Breeding Bird Survey 2012 – Day 1
June 9, 2012 – This is our third year of conducting breeding bird surveys in the region of Highway #1o1 north of Sudbury, Ontario. In order to get to our campsite before dark, we need to leave Ottawa before 5AM.Â This year, nature gave us a new twist – FOG! In the above image, the building to the left is Scotia Place where Ottawa’s NHL hockey team, the Senators, play their scheduled NHL games.Â Directly ahead, lost in the fog, would be the privately run and controversial garbage dump affectionately referred to as ‘Carp Mountain’.Â Garbage disposal is always a controversial issue and ‘Carp Mountain’ makes it into the news almost as often as the hockey team :-).
There isn’t usually a lot of traffic on the highway at 5AM especially on a Saturday morning but, at some points, we had to slow down substantially just to see where we were going.
No “Watch out for Moose” sign in the area but, thankfully, this one didn’t decide to wander out onto the road.Â It was grazing near to the road and, as soon as we stopped the car, it turned and wander back out of sight in the woods.
The fog cleared eventually and we arrived in Mattawa, Ontario without incident.Â Mattawa is normally our “time to stretch and top up the gas tank” moment so, while Gerhard filled up the Forester, I took a few minutes to photograph a few things nearby.
Of course I needed another fire hydrant to add to my collection of fire hydrant images!
Once we were out of the foggy stuff, we began to encounter some light intermittent showers instead.Â The weather radar indicated that our destination would be dry, so we kept looking for those patches of blue sky – few and far between. When we arrived at Latchford, a light drizzle began anew but we needed to stretch our legs a bit so tolerated the dampness for a bit of exercise in the “Best Little Town by a Dam Site”
From Wiki: Today, the vast majority of the Ferguson Highway has been bypassed by the provincial highway network; however a select few sections were incorporated into the alignment of HighwayÂ 11, while others remain as portions of, from south to north, Highway 11B, Highway 562, Highway 571, Highway 573, Highway 112, Highway 66 and Highway 668. The remaining sections have either become local access roads or have been abandoned and subsequently consumed by nature.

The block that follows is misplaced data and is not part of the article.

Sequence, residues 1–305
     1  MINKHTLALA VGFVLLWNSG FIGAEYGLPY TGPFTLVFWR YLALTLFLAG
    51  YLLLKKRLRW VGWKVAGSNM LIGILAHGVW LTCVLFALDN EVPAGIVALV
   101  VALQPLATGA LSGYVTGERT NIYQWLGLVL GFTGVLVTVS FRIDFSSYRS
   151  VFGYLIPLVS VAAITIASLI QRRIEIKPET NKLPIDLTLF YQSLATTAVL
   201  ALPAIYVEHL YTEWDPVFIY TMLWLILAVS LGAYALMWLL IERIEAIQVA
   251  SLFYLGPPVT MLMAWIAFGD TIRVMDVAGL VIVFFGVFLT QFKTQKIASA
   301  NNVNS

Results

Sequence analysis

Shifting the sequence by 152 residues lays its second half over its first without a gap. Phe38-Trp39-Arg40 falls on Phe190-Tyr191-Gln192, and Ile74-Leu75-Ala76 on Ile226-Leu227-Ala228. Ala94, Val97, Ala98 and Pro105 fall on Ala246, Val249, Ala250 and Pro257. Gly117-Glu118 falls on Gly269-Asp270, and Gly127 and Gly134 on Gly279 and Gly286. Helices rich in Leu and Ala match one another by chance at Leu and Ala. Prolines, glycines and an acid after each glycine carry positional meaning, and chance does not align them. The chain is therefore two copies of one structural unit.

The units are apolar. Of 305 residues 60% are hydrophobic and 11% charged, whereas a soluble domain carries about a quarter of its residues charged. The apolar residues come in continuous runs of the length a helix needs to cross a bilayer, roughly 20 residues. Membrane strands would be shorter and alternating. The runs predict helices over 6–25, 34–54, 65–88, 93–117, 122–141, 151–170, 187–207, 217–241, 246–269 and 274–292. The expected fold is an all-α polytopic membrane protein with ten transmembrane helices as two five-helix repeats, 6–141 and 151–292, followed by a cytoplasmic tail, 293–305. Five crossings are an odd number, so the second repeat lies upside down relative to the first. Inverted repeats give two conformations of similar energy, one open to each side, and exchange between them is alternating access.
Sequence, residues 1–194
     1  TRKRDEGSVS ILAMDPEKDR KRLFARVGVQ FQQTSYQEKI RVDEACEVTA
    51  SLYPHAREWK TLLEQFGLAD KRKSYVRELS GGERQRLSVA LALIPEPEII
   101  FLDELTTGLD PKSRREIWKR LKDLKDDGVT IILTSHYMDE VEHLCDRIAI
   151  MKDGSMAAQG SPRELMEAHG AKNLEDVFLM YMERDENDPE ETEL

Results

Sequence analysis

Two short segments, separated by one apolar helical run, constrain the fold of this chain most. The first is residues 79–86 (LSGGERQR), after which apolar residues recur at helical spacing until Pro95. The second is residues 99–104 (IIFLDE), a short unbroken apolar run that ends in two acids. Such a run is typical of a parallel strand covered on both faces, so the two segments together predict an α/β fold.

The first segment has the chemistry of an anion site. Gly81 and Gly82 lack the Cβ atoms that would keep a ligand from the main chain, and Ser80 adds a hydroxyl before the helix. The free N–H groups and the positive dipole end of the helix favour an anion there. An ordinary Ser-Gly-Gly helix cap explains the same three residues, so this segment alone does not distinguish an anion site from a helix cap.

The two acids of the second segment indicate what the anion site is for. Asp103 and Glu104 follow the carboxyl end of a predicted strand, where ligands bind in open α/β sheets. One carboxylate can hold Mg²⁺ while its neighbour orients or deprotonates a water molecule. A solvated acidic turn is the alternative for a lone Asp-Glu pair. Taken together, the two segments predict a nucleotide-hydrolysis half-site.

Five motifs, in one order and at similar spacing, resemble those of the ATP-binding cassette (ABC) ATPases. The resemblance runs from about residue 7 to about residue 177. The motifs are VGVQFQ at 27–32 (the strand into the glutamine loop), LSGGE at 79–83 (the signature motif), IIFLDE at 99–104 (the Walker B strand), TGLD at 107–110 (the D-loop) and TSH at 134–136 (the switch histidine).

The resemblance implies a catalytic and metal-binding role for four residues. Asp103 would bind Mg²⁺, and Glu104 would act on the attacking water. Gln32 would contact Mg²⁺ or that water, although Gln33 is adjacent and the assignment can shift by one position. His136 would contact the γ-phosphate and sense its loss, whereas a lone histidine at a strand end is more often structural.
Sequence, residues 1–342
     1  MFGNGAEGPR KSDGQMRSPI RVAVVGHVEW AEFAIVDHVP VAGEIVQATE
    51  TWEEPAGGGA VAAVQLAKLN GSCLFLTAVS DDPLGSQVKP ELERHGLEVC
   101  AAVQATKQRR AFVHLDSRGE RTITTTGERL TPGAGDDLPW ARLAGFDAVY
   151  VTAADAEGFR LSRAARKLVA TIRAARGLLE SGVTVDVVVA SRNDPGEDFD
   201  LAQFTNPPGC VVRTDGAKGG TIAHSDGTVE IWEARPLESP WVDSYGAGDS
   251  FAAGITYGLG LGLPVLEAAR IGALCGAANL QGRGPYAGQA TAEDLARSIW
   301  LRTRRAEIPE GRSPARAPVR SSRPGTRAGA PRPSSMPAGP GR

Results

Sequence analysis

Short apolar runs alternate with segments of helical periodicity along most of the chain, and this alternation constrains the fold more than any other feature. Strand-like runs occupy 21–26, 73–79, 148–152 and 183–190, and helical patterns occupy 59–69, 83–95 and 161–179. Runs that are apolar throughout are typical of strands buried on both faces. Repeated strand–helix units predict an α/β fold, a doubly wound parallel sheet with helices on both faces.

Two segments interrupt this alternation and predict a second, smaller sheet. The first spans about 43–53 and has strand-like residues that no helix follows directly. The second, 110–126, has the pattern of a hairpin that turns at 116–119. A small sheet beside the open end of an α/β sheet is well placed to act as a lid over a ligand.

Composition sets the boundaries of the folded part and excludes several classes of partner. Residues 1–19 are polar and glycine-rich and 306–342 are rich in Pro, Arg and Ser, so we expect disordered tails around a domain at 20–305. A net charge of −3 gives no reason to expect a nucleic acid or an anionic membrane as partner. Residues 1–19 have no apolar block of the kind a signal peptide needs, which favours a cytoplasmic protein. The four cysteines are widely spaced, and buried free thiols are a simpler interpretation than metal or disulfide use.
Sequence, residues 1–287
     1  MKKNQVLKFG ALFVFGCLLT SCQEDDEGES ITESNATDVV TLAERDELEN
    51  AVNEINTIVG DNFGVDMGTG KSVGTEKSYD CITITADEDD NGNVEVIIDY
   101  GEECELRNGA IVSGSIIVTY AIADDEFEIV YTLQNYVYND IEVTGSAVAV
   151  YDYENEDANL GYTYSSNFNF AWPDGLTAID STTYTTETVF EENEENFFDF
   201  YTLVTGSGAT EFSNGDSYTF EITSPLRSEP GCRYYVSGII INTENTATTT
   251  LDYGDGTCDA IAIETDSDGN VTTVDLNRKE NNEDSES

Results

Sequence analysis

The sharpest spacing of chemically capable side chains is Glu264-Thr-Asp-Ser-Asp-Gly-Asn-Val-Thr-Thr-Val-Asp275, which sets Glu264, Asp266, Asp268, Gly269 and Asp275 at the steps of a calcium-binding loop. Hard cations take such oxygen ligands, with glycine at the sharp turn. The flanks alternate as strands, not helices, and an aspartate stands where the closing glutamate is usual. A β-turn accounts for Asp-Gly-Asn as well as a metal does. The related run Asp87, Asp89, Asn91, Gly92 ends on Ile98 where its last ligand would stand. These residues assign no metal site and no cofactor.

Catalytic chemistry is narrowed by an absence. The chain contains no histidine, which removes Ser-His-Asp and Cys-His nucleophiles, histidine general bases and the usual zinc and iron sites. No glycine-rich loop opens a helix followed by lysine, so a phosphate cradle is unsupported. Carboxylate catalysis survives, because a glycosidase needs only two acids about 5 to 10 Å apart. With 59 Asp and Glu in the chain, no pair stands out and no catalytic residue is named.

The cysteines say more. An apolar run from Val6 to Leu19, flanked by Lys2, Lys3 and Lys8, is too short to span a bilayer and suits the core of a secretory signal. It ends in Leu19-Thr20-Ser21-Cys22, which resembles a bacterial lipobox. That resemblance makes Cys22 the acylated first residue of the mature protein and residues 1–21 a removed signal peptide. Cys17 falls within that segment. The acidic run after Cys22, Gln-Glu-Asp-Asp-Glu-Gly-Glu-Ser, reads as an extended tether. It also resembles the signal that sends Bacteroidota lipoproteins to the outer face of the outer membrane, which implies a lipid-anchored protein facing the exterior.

Sgt Aubrey Cosens V.C. Memorial Bridge across the Montreal River.
After taking a short walk around the visitor center (closed at the time of our visit), we stopped at a local store and learned that Latchford was home to the world’s shortest covered bridge so that necessitated a ‘short’ detour.
As the rain came down upon my head, I’m sure that the Cedar Waxwing perched on an overhead wire was beginning to question the sanity of the human below!
Before I got too wet, I was back in the Forester and we headed on our way further north. The weather began to clear again and, at our next stop, the lilacs by the pull-off were in full bloom and a Monarch Butterfly was dropping by for a visit.
Our next stretch was at a picnic area beside Swan Lake.Â The sun was shining and that meant that the dragonflies were moving around. We were heading out on our survey about one week later than previous years and, with the warm Spring weather that had arrived early this year, it seemed that theÂ dragonfly cycle was more advanced.Â Definitely fewer biting insects flying around.
Chalk-fronted Corporal Dragonfly (male)
Dragonfly (species ?)
On our previous trip to this area, we had taken a few moments to visit the Shania Twain Centre in Timmins, Ontario but this year we decided to continue on to our destination without stopping in Timmins except to change places in the driver’s seat (and to photograph a Timmins fire hydrant 🙂 )
Our next stop for gas would be Foleyet, Ontario about 100 km straight down the relatively straight highway from Timmins. The smell of smoke still lingers from the large forest fire that occurred south of Highway 101 earlier this year and side roads are blocked off by “Do not cross” tape in a number of locations.
At the Opishing River picnic spot, we took a short break to stretch the legs and enjoy the bit of sunshine that was peaking through the clouds.
I believe that the following couple are a pair of Stoneflies but i.d is not positive.